William Shatner’s new documentary, The Captains, which documents his conversations with all of the actors who have sat in the prestigious captain’s chair on the many incarnations of Star Trek, will appeal mostly to those fans who can describe the difference between a Vulcan and Klingon. Others will be entertained, but may feel they are missing out on an inside joke.
Shatner, who recently turned 80, explores the Star Trek universe and, in particular, those professional colleagues that succeeded him as Capt. James T. Kirk. Included among his subjects are Patrick Stewart of Star Trek: The Next Generation, Avery Brooks of Star Trek: Deep Space Nine, Kate Mulgrew of Star Trek: Voyager, Scott Bakula of Star Trek: Enterprise and Chris Pine of recent Star Trek cinematic reboot.
Shatner’s interactions with his fellow actors is perpetually interesting, and that’s mostly because Shatner is a deep interviewer and consummate conversationalist. He doesn’t gloss over the issues in the documentary from a bird’s-eye view; he dives deep and asks the questions that many Star Trek fans want to know about.
Some of the more compelling topics include how keeping up with the rigorous demands of shooting a television series affected the actor’s personal lives. Stewart, Bakula and Shatner all share stories about their broken marriages. Stewart, at one point, almost comes to tears when talking about his two ex-wives.
Mulgrew offers some interesting thoughts about being a woman in the world of Star Trek. They all talk about their theatrical origins and how they broke into the franchise.
Brooks and Pine are the two additions who feel the most cheated of time. When Shatner interviews Brooks, it seems as if the Deep Space Nine actor is more content playing on his piano and singing a song than offering any helpful insights in his character or career. Pine has the least airtime out of any captain, which is probably appropriate, being that he’s only made one movie.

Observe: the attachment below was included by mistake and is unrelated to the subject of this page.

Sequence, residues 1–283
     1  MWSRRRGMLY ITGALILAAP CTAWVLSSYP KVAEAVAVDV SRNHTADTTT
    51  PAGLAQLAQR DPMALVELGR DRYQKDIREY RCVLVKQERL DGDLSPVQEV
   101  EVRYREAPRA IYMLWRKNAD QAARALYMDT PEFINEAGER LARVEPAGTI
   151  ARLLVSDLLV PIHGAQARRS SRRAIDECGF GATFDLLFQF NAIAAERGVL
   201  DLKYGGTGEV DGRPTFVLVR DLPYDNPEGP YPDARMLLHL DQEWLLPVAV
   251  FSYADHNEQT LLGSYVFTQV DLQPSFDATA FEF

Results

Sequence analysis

There are a few asides about Star Trek fandom and the thoughts of other actors who have played alongside the captains. It’s all interesting fodder to fill out the film, but it feels a little off topic.
Throughout the entire 97-minute documentary, Shatner turns much of the focus on himself. These aren’t merely exploratory interviews; they are also chances for Shatner to do some soul-searching about his legacy as Kirk. The octogenarian offers many thoughts about his initial embarrassment over his work on Star Trek: The Original Series and his reluctance to accept the manner in which Star Trek has influenced the world.
Stewart almost plays a pseudo-therapist to Shatner’s revelations, sharing his own similar experiences on Star Trek: The Next Generation.
There’s nothing special about The Captains, in terms of subject matter or pressing news interest. However, it keeps one’s attention, mainly because Shatner is incapable of being dull on the screen. There’s never a moment when he’s not offering up a clever tidbit or telling a joke. He may be interviewing his professional colleagues, but this documentary is truly about the one captain who started it all.
And for most Star Trek fans, that’s probably a welcome development.By John Soltes / Publisher / John@HollywoodSoapbox.com